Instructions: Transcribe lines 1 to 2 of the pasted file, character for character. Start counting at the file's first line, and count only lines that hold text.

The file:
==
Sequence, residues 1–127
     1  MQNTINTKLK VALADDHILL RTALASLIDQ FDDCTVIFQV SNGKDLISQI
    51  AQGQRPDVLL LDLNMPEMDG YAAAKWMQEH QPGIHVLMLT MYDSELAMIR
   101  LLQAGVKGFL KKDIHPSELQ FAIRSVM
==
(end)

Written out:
Sequence, residues 1–127
     1  MQNTINTKLK VALADDHILL RTALASLIDQ FDDCTVIFQV SNGKDLISQI